"We were left with a choice: Are we going to build our own sugar mill, which is expensive, or come up with something else?" said William Pucheu, a farmer from Tranquility who is part of the cooperative.
The farmers flew twice to Europe to tour beet-based biofuel facilities. This month, Mendota Bioenergy LLC — the company formed by the cooperative — received a grant to build the demo plant, which will turn about 250 acres of beets into 285,000 gallons of ethanol per year.
If it's successful, a commercial bio-refinery would be built in Mendota, capable of producing 40 million gallons of ethanol annually. The bio-refinery, to debut in 2016, would put a total of about 80 beet growers and 35,000 acres back into production.
Both the demo plant and the commercial plant would run year-round and use beets grown by local farmers. The plants will also burn almond prunings and other wood waste to generate electricity for internal use and will convert some of those prunings into ethanol. They will process waste pulp from the beets to produce biomethane for compressed natural gas, and will produce fertilizer and recycle water for irrigation.
To area farmers, the beets are an ideal crop: they grow in poor and salty soils, and can use lesser-quality water, said Frank DelTesta, a third generation farmer who used to grow 150 acres of beets in Tranquility and is now growing some for the demo plant.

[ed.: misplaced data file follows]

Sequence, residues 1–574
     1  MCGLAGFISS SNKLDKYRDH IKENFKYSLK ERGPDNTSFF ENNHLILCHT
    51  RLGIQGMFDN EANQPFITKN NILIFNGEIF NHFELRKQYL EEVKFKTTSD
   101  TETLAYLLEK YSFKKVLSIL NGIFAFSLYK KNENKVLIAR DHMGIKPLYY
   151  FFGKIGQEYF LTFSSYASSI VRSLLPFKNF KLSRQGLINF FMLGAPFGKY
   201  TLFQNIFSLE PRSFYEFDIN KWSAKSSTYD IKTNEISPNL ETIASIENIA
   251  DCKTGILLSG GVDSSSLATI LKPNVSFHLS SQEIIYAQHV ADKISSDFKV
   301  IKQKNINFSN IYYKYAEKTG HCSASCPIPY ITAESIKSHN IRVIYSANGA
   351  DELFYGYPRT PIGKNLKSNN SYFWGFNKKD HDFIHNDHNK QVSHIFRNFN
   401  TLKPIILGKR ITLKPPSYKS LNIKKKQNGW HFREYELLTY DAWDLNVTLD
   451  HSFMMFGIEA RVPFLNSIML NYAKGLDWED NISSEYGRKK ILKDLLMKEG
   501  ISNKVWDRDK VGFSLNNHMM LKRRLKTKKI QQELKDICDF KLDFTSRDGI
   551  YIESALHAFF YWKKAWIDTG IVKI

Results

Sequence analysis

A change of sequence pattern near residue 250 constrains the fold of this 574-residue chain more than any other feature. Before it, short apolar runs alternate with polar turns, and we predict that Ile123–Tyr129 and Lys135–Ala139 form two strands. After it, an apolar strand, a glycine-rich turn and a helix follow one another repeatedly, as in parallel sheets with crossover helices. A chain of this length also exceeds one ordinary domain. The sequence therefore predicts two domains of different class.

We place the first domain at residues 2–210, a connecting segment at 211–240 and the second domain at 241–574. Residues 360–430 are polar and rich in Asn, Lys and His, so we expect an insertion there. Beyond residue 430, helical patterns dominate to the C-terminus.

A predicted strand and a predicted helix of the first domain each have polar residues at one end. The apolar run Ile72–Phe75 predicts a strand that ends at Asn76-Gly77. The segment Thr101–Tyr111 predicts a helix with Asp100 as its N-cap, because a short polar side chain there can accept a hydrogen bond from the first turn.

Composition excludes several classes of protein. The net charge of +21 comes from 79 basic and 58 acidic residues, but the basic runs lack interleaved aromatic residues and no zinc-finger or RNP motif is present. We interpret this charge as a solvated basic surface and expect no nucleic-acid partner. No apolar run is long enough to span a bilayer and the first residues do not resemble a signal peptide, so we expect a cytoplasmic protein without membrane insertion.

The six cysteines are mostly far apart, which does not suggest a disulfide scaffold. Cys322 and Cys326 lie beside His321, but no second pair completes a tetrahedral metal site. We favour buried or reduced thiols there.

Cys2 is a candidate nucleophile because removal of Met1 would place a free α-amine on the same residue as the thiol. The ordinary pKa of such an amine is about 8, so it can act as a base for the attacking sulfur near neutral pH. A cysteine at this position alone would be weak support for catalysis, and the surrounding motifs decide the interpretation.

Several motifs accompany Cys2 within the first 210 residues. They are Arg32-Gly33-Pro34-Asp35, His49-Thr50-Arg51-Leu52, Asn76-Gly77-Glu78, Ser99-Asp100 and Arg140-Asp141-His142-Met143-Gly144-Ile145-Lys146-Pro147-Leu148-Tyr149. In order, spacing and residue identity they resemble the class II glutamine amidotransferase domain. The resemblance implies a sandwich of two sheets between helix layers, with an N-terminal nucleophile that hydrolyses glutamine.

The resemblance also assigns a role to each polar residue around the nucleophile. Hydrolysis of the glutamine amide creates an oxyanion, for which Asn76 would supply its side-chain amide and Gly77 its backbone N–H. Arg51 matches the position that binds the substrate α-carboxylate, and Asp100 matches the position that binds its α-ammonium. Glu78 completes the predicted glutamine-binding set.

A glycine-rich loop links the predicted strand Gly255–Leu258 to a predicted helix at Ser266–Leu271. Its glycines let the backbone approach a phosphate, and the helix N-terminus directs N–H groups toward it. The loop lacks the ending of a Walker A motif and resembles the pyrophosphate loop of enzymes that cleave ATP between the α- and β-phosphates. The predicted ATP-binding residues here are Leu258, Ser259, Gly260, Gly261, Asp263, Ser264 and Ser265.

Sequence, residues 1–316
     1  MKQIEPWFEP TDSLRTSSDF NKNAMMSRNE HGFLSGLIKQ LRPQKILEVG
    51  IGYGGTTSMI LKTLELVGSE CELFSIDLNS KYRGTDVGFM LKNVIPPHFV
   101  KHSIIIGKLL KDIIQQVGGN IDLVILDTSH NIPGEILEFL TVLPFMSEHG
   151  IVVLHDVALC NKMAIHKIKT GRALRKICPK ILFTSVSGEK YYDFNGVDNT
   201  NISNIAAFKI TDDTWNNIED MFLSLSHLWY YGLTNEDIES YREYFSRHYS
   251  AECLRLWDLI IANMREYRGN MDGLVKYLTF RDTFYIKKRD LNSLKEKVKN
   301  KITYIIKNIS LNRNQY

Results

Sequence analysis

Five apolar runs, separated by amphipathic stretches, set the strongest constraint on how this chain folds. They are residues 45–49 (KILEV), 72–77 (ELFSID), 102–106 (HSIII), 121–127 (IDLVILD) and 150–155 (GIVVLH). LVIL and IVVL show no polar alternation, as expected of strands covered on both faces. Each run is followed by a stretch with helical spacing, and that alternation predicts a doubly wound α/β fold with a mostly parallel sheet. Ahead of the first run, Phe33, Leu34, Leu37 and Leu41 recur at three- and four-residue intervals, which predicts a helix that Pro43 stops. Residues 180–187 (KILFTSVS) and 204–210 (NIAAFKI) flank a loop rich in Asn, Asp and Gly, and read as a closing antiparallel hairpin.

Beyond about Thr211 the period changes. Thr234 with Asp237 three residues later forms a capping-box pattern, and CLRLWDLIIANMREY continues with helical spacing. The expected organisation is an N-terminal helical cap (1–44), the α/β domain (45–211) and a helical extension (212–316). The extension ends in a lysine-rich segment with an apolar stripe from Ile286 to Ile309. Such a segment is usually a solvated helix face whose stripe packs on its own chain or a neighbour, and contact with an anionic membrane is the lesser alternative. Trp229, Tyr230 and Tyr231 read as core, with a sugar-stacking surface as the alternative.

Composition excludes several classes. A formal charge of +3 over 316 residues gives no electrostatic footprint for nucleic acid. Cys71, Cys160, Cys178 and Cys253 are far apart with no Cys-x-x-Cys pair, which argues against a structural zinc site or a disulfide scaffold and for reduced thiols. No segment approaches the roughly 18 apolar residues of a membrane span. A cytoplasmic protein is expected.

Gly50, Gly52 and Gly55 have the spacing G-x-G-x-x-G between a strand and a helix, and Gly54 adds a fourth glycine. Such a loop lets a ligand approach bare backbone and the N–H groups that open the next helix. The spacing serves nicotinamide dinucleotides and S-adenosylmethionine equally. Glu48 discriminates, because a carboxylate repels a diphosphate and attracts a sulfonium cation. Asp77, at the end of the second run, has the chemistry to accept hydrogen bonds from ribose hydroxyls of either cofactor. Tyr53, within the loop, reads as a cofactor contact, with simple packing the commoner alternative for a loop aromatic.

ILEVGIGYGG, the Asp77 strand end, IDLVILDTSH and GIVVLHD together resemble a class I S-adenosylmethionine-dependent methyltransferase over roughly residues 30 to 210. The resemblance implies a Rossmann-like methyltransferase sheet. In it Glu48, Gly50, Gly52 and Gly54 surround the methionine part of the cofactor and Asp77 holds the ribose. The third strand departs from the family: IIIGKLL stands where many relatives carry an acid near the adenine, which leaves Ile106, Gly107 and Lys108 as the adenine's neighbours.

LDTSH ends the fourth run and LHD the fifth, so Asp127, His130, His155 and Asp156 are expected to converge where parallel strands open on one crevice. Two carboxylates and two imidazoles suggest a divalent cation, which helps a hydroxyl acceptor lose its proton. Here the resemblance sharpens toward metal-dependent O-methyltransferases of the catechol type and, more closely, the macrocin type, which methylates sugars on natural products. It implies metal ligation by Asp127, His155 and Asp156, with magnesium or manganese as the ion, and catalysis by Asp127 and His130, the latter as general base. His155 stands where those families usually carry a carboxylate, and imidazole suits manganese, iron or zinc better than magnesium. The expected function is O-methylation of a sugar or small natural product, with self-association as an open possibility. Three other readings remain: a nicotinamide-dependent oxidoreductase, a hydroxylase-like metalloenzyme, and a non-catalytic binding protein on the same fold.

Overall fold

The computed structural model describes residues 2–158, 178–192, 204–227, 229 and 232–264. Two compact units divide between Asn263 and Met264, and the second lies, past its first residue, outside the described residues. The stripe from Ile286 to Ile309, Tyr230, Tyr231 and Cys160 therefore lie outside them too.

"Everybody liked growing beets, because they grew well here," DelTesta said. "My family has been growing beets for generations and not having that crop in our rotation has affected the yields for other crops like cotton."
And it's not just farmers who would benefit, said project manager Jim Tischer. The group's projections show the bio-refinery would create about 100 long-term jobs, as well as 150 seasonal agricultural jobs. It would lead to millions of dollars of local economic activity and generate taxes — a boon to Mendota, Tischer said, a town of 11,000 with one of the highest unemployment rates in the state.
The beet project comes at a time when the Midwest drought has reduced corn's availability, leading nearly three dozen corn ethanol plants to halt production. At the same time, there are plenty of stockpiles of ethanol, experts say, because Americans are driving less and buying more fuel-efficient cars.
But the beet farmers say they aren't worried, because ethanol is cheaper than regular gasoline.
"As times goes by, customers will start buying more of it," Diener said, "because at the end of the day, it's a cost saving deal and others are motivated by the ethics of the green energy business."